Cracklings

Cracklings are all the bits that browned instead of melting. You can see my recipe for Cracklin' Cornbread here.

[UPDATE: Feb. 12, 2012 - yesterday I finished rendering all the goat fat. From 10.66 pounds of goat fat from the butcher, the yield was a gallon plus of rendered fat, and about 3 quarts of cracklings.]

For more information:
Rendering Lard: A First Timers Guide - Lehman's Country Life
Rendering Lard - Pioneer Living Survival
Crock Pot Method - A Little Bit of Spain in Iowa
Oven Method - The New Homemaker
How To Render & Store Traditional Animal Fats - Nourished Magazine
Uses For Cracklings and Lard - The Simple Green Frugal Co-op

Rendering Goat Fat © January 2013 

36 comments:

Sandy said...

Leigh,

Will you be making soap with the rendered goat fat?

Judy said...

It is my understanding that depending on where the fat came from on the animal as to it specific name and use. For example, the fat around the kidneys on beef and lamb or mutton makes excellent tallow candles. I wonder if chevron fat works the same way?

Carolyn said...

Great post. Our male dairy kids that end up in freezer camp never have enough fat on them to make much of anything in the way of goat-lard, but I'm hoping when our Boer herd gets bigger, we'll have plenty of goat-lard-fat-whatever to render. I'm slowly replacing my vegetable oils with lard in the larder (pun intended, really!!) and it will be nice to add some goat fat to it. You'll, of course, let us know how the cooking with it goes, right? I LOVE the crispy goat fat on the ribs!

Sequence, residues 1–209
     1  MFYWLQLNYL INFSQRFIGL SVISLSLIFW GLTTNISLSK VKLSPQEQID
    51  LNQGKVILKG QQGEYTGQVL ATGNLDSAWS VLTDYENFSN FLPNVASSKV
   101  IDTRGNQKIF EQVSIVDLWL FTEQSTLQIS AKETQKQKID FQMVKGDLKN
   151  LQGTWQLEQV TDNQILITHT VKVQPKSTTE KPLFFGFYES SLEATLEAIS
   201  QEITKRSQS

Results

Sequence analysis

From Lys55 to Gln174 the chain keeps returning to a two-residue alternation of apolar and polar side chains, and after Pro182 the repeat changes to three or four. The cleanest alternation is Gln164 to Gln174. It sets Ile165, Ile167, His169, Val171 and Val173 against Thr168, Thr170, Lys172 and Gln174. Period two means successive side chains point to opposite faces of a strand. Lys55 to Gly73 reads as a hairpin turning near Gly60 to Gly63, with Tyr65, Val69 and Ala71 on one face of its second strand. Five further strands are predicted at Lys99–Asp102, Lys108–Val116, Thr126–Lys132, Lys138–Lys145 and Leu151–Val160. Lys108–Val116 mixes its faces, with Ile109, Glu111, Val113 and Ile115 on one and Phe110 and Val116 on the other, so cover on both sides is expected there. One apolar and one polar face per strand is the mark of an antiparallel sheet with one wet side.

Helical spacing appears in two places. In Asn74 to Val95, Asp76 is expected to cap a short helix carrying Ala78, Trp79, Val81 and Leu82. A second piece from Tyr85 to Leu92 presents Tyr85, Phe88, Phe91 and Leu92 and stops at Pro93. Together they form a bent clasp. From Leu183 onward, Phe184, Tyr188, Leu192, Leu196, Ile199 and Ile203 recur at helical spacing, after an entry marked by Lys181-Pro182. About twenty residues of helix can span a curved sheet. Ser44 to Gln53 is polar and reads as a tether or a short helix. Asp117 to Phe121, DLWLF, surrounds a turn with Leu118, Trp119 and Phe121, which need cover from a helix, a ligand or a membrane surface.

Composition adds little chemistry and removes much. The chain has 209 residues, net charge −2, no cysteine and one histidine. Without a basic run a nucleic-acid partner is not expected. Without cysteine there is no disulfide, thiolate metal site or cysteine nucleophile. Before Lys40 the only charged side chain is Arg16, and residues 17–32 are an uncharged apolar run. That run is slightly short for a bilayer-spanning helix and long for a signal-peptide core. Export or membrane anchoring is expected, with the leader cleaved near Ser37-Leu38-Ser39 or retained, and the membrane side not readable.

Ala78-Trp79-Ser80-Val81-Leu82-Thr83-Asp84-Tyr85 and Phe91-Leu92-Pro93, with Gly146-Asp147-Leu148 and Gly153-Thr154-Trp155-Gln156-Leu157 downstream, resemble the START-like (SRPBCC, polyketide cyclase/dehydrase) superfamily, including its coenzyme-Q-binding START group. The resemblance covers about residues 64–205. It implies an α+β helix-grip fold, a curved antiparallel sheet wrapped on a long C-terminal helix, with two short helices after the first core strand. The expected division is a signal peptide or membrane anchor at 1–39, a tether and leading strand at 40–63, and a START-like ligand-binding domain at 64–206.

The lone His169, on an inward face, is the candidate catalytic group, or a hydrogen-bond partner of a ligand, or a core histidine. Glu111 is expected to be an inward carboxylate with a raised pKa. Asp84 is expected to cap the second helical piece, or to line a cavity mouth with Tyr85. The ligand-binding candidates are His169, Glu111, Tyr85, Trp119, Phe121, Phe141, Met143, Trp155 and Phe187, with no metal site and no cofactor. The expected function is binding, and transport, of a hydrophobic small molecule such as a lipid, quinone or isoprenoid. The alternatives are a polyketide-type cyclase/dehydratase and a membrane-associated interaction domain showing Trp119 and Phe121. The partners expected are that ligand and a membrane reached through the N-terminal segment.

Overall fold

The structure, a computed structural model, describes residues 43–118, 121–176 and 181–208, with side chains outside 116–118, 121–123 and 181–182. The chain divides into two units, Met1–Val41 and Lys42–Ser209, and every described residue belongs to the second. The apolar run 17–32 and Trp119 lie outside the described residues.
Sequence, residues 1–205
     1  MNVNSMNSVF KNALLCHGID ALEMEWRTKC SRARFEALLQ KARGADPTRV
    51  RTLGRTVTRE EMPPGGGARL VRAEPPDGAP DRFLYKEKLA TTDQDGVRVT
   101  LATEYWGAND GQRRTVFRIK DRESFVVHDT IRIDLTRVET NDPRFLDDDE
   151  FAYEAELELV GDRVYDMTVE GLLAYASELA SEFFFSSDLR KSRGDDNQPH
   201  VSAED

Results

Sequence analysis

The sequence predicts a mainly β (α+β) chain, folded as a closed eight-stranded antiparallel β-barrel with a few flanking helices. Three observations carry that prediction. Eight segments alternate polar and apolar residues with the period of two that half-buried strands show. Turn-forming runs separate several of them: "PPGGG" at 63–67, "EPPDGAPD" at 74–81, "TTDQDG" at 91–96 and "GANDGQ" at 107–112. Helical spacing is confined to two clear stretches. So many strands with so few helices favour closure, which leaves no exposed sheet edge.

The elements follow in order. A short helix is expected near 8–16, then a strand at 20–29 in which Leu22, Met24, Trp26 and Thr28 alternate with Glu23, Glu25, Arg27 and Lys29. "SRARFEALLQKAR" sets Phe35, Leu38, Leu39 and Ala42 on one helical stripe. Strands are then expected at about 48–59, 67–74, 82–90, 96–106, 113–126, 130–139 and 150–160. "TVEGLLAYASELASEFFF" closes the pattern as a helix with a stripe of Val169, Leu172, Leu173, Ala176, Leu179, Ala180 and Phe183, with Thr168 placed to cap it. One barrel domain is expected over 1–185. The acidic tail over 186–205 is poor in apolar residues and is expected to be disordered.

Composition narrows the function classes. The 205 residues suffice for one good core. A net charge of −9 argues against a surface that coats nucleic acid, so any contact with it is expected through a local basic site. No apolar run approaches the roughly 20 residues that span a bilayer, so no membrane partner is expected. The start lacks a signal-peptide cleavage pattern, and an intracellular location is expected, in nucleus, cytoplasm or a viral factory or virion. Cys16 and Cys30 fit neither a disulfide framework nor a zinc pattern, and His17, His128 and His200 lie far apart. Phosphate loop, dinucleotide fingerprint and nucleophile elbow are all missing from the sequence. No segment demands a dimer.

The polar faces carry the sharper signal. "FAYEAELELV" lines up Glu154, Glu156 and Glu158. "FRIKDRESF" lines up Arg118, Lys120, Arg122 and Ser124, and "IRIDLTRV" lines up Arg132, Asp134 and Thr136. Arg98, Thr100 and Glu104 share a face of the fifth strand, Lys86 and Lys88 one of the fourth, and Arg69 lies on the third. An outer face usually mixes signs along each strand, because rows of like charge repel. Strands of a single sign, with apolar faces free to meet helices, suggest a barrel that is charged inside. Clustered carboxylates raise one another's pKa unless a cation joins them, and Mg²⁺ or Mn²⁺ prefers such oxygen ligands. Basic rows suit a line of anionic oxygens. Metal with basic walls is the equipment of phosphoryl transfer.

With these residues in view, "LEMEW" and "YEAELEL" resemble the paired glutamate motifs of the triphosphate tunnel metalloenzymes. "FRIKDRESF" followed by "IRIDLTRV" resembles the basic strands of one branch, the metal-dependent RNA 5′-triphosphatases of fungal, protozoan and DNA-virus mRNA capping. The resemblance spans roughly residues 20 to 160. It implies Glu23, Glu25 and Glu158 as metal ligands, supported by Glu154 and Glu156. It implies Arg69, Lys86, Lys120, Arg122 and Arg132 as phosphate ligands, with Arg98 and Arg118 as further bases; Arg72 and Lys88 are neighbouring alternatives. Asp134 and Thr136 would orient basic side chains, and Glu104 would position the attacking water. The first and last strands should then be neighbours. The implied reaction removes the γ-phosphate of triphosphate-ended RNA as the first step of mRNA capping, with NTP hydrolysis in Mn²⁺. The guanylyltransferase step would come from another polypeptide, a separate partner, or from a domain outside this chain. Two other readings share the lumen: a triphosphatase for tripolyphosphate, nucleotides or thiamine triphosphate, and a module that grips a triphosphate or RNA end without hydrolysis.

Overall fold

Stephanie said...

I am so grateful to you for sharing what you are doing/learning. It helps me a great deal. Can't wait to see what you use the rendering for.

Theresa said...

Well, the one year rule does sometimes come to bite you. Looks like you came up with a great alternate solution though!

Farmer Barb said...

In kosher cooking , rendered chicken fat called schmaltz, is the fat of choice to make a meat meal. Mixing dairy and meat is a no-no so all the dishes used in a meat meal would be fried/sauteéd/browned with schmaltz. I tried this and the depth of flavor using it instead of butter was indescribable. The schmaltz I made was from my own batch of roosters that I had to dispatch.